adventures_of_Ylem_Freudo

If you were to see the name Desktop Dungeons and study a few screenshots, you would get the wrong idea about this fiendishly clever little gem. You would think it’s a roguelike. A cute frivolous one with wacky graphics. You might figure it had a lot of competition. You might figure you’d just as soon play Dungeons of Dreadmor, Rogue Legacy, or Diablo. You might figure you already have games like this.

Boy, would you be wrong. Furthermore, you would have no idea what you were missing.

After the jump, the anti-roguelike.

Although it’s got a lot of the trappings of a roguelike — randomly generated dungeons that you spelunk until you die — Desktop Dungeons is a flat-out, uncompromisingly cerebral, brain flexing, get-a-cup-of-coffee-and-consider-your-monitor-for-several-minutes-at-a-time strategy game. Whereas most roguelikes are about exploration and discovery, Desktop Dungeons is about carefully calculated exploitation and resource management. It’s supernerdy in a completely different way than most games with elves.

Each dungeon is a randomly generated location, stocked with randomly placed treasures, and home to randomly generated monsters. You don’t explore it conventionally, by moving a dude around one tile at a time. You just pick a tile to unfog, similar to Oasis or even Minesweeper. As you explore, it’s completely static. Monsters sit patiently where you find them, until you’re ready to fight them. This expedition plays out at your convenience. Whether you unfog a square on the far right or traipse across the map to the far left doesn’t matter one whit. Time and distance don’t exist down here. You aren’t running down a clock. You do not need to eat food. No one is going to ambush you.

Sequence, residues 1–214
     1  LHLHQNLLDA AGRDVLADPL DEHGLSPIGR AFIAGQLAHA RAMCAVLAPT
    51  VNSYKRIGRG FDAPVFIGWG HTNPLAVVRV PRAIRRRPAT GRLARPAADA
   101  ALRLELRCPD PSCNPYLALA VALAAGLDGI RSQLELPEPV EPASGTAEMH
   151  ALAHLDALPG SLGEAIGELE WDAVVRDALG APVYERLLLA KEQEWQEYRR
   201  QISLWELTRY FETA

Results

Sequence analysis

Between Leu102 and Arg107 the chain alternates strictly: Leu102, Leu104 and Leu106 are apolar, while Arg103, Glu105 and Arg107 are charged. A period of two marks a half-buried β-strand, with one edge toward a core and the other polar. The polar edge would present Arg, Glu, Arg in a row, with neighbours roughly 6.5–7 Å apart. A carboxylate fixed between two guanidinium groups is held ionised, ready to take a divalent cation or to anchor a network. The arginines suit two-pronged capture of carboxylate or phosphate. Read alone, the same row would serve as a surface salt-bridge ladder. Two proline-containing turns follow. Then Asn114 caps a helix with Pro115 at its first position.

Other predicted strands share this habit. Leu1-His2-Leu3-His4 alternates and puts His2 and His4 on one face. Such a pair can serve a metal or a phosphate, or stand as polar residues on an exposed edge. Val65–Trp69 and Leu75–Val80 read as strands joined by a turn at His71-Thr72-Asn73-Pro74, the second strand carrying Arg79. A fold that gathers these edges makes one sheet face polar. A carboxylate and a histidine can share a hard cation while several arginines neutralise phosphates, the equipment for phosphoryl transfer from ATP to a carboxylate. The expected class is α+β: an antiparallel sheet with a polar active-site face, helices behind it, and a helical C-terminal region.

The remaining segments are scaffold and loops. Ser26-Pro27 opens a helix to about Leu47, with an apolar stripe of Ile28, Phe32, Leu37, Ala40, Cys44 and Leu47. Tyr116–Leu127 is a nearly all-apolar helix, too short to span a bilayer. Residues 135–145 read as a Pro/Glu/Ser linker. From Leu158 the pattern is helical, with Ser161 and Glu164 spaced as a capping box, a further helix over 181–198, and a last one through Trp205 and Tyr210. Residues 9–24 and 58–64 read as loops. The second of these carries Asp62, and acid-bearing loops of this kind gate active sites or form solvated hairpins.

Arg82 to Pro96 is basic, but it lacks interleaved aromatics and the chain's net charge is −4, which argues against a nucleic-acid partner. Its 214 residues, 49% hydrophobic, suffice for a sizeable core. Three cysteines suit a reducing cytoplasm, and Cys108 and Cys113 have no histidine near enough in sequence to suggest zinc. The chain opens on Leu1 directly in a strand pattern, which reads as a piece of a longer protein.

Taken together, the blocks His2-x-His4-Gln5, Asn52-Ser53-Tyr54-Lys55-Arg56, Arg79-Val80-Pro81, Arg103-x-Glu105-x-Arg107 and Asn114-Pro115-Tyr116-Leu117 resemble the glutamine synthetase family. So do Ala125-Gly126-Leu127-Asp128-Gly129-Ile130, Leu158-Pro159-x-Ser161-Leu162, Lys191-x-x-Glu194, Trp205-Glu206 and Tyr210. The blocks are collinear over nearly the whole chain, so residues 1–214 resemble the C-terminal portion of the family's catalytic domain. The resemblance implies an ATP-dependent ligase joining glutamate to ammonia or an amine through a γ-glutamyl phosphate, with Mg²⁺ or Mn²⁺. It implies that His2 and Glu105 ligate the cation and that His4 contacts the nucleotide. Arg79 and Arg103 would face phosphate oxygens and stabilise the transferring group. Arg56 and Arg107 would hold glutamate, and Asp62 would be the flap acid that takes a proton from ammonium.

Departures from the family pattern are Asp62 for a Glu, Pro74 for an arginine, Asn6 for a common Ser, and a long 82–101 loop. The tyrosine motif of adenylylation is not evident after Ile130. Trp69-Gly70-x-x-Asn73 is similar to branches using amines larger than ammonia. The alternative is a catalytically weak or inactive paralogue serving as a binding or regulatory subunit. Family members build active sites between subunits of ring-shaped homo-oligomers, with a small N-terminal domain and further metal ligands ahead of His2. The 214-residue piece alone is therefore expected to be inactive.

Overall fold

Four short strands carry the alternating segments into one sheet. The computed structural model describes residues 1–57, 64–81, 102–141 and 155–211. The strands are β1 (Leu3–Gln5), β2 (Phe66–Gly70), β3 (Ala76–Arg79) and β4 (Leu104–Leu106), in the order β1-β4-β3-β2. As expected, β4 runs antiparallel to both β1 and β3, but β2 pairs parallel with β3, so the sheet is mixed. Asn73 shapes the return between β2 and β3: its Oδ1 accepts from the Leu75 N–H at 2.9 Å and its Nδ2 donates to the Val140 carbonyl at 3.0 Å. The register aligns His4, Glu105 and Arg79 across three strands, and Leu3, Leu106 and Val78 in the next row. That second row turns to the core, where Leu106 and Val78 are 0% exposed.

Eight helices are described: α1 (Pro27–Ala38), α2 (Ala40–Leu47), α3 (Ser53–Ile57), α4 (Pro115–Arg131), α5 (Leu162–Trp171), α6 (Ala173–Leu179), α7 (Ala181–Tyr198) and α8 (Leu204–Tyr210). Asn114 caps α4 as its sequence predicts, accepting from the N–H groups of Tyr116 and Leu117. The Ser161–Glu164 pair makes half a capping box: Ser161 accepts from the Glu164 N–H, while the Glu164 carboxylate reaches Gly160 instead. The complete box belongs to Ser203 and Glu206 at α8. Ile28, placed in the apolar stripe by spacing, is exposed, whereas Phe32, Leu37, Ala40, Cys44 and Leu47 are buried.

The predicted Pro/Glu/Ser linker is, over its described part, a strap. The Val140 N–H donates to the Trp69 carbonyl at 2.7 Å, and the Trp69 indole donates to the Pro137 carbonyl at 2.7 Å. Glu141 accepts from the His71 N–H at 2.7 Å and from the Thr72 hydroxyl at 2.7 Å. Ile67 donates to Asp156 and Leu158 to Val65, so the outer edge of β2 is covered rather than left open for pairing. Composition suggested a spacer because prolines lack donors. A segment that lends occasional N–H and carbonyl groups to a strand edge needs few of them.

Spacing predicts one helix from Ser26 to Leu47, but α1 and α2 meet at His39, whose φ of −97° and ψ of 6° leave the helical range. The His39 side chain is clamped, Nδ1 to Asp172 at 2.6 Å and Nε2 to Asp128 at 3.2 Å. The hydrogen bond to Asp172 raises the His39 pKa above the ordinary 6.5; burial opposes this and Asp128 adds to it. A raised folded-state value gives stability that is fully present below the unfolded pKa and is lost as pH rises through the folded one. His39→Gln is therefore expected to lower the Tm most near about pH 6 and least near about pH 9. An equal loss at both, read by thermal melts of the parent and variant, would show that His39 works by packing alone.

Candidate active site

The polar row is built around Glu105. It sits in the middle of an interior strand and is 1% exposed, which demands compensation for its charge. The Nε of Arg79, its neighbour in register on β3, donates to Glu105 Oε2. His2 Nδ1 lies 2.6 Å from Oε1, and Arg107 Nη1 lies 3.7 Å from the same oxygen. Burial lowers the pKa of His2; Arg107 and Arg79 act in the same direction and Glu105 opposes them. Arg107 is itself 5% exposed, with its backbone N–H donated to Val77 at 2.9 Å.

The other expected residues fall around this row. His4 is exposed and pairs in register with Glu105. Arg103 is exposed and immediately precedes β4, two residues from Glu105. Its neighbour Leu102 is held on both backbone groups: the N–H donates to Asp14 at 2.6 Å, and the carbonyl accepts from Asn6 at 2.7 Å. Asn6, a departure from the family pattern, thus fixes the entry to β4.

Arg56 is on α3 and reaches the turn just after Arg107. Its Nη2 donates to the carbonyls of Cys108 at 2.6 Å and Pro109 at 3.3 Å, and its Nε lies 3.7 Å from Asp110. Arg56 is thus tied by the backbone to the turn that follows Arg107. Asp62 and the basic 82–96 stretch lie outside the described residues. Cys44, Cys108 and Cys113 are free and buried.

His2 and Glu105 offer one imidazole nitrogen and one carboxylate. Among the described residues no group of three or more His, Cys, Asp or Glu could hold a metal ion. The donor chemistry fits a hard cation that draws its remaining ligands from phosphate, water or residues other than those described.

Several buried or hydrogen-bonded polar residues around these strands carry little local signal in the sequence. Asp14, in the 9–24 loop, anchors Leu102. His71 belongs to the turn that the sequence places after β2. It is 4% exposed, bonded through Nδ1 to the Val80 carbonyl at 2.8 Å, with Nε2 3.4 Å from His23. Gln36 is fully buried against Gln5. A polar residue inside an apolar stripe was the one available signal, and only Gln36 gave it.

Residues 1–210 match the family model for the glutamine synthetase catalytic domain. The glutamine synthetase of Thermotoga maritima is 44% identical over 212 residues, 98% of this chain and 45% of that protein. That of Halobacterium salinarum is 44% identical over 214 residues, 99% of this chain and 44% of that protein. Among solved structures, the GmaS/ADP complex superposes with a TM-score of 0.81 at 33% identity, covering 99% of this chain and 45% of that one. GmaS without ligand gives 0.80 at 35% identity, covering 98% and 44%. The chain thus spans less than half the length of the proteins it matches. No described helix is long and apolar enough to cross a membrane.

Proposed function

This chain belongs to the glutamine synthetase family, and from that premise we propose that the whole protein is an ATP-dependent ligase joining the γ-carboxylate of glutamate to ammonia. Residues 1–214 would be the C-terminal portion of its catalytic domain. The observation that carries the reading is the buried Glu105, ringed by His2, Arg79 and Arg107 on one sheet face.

Part of the unique charm of Desktop Dungeons is that you are always and entirely in control of what happens. In fact, once you learn to do the math — there will be math — you will never die unless you make yourself die. You always know exactly how a fight will turn out. There are no dice or random numbers. Take your time with that cup of coffee. Check the numbers again. Weigh your options. Don’t back yourself into a corner!

Your goal in a dungeon is to defeat the main boss. He’s level ten. You’re level one. The trick is to amass the tricks necessary to beat him, and it’s very mathy. Your attacks do this much damage and he has this many hit points. His attacks do that much damage and you have that many hit points, so you’ll need a certain number of health potions. But you also have a fireball spell and this much mana. Close, but you’re not quite there. Can you level up again? Let’s see, if you kill those two level six guys, you’ll get enough experience so that killing that level eight guy, which will entirely deplete you, will handily earn you enough to level up and therefore fully recover. Oh, wait, alternatively, you can kill that level seven guy, who’s undead and therefore a source of piety points, to earn enough for a pair of protection blessings that will basically function like extra potions.

Chickland